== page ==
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August 09, 2023

Women who consume sugary drinks every day are at higher risk for liver cancer, study finds

Researchers found higher rates of fatal liver disease among regular drinkers of soda and other sugar-sweetened beverages

Illness Liver Disease
Sugary drinks liver disease Thom Carroll/for PhillyVoice

Researchers found that older women who consumed one or more sugar-sweetened beverage each day had higher rates of liver cancer and death from chronic liver disease than their peers who drank up to three SSBs per month.

A daily soda habit may increase a woman's chance of developing deadly liver disease, according to new research.

The study examined the rates of liver disease among 98,786 women ages 50 to 79, looking for links between liver problems and the consumption of sugar-sweetened beverages — a category that generally includes regular soda, energy drinks, sports drinks, flavored waters and fruit drinks that are not 100% juice. The researchers found higher rates of liver cancer and death from chronic liver disease among those who drank at least one SSB per day, compared to those who consumed no more than three each month.

Researchers did not observe increased rates of liver cancer or fatal liver disease in women who consumed artificially-sweetened beverages, like diet sodas, each day. The participants in the study were monitored over a 20-year period at clinical centers across the U.S.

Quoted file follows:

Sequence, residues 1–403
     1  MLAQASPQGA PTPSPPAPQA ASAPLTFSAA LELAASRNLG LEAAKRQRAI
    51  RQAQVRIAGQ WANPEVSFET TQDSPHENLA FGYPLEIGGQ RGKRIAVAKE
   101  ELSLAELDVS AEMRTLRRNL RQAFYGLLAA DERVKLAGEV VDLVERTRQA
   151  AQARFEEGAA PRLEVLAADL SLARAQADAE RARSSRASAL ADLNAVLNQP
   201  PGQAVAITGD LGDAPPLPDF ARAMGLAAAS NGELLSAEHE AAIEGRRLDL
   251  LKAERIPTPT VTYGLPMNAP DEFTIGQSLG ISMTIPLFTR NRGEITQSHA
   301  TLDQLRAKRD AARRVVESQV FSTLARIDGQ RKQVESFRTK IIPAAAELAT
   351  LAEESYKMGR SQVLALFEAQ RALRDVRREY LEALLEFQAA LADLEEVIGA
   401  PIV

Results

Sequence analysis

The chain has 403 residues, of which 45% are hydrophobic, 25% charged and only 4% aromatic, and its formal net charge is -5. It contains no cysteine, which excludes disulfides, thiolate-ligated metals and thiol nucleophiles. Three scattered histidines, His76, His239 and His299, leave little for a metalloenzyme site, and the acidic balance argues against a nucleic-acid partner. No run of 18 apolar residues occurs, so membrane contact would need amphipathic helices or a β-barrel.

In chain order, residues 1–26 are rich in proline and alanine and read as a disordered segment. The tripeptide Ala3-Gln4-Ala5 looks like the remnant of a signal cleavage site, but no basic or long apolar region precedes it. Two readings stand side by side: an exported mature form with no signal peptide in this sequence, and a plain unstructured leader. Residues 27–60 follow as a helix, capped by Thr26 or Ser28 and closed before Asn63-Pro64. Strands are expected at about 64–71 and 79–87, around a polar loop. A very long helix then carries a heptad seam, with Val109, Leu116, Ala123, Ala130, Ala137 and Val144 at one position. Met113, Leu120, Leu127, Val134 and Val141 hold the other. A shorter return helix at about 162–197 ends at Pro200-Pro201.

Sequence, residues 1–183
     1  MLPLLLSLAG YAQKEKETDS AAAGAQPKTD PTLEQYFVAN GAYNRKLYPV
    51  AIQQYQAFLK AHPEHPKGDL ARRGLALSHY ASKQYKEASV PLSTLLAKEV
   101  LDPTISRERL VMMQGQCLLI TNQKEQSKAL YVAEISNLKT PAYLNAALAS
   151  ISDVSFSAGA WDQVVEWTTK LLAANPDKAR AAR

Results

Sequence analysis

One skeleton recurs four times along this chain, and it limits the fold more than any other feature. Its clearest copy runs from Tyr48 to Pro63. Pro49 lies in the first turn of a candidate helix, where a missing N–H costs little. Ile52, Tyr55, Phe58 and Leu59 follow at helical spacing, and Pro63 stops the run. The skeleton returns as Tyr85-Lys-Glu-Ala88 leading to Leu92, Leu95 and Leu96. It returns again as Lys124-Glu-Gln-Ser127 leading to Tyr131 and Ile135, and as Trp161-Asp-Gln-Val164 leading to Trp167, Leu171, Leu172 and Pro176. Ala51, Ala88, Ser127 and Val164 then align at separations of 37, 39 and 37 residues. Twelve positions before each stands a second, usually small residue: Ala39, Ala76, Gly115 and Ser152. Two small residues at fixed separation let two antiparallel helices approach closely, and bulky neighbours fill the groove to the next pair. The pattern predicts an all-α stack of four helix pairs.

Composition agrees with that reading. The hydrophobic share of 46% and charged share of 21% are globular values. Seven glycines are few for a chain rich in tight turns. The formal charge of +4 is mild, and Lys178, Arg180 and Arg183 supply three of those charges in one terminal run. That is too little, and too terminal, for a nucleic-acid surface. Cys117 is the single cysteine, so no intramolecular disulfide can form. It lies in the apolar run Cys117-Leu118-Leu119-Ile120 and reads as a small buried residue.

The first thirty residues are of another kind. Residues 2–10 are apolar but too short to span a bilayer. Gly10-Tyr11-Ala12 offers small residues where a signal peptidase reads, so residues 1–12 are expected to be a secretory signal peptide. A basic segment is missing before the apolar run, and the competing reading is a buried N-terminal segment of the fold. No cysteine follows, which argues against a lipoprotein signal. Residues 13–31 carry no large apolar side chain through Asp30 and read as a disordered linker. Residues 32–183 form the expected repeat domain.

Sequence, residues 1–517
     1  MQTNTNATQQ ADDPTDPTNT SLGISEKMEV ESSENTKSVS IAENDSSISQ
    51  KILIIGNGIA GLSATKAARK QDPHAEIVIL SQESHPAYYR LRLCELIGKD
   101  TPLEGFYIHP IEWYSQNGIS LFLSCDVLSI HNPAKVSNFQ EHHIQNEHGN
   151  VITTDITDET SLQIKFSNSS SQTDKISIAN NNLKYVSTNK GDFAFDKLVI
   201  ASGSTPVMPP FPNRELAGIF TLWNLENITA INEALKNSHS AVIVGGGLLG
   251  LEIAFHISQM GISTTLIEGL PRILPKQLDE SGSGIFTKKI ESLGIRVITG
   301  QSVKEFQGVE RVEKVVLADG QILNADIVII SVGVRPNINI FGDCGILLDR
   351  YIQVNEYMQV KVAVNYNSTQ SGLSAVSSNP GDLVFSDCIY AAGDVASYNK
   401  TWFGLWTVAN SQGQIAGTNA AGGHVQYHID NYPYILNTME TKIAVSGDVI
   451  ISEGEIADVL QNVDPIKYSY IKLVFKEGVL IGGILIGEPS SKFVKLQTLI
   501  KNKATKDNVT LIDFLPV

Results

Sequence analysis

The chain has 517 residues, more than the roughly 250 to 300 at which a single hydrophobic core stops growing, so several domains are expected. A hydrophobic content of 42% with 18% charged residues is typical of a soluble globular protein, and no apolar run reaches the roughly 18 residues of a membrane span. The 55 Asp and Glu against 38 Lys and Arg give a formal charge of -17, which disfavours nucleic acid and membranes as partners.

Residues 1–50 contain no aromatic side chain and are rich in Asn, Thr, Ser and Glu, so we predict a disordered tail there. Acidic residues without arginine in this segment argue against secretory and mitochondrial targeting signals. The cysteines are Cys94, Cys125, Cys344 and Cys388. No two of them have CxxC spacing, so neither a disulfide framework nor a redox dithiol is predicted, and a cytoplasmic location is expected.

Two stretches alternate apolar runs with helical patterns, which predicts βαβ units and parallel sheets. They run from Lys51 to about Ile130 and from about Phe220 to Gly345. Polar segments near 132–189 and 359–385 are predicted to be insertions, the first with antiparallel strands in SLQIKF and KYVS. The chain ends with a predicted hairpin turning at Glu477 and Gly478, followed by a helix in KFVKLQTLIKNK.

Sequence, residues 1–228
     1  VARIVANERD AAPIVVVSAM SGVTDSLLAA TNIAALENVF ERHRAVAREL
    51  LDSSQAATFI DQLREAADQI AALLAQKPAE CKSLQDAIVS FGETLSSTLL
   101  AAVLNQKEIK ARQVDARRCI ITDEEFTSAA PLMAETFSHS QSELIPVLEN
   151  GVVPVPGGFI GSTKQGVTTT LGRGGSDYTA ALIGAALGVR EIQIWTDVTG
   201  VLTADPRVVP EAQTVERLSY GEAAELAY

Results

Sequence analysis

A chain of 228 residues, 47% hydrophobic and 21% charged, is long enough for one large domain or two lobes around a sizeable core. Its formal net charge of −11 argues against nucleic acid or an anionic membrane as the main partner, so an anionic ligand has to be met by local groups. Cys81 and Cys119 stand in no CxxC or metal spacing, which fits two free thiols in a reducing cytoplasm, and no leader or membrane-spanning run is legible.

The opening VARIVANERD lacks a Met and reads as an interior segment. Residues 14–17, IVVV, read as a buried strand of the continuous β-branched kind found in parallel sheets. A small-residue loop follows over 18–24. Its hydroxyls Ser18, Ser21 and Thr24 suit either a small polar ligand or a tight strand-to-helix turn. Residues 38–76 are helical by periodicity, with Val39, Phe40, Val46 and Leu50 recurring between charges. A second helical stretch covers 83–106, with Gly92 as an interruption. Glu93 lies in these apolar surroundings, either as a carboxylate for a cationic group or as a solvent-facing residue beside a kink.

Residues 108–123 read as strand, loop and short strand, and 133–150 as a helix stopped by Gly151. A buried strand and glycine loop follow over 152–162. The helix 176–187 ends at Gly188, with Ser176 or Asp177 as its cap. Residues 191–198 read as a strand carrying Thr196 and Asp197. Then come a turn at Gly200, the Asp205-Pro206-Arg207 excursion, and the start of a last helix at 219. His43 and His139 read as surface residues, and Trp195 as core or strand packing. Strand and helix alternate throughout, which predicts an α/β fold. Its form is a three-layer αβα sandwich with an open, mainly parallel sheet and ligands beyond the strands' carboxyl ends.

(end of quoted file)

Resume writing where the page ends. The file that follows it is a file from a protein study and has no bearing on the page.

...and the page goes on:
The study, published by the Journal of the American Medical Association, joins a growing body of research linking high consumption of SSBs to liver disease. 

A 2018 meta-analysis found that higher intake of sugary drinks was "significantly associated" with non-alcoholic fatty liver disease, a catch-all term for conditions in which excessive fat is stored in liver cells of people who consume little to no alcohol. While NAFLD presents few symptoms, over time, it can develop into more aggressive forms of fatty liver disease, and even lead to cirrhosis or liver failure.

An even larger meta-analysis from 2019 found increased risk of NAFLD among all categories of SSB consumption. Those who drank the lowest amount – less than 1 cup per week – still increased their odds of developing the disease by 14%, while those who drank 1-6 cups per week increased their risk by 26%. Those in the highest category – 7 or more cups per week – increased their chances by 53%.

Researchers are increasingly sounding the alarm on the link between liver disease and sugary drinks due to their enduring popularity. SSBs are the primary source of added sugars in American diets, according to the U.S. Department of Agriculture, beating out desserts, candy and sweetened coffee and tea. Previous CDC data suggests 63% of Americans consume these sugary drinks daily.

In addition to liver disease, frequent consumption of SSBs is associated with type 2 diabetes, heart and kidney disease and gout.

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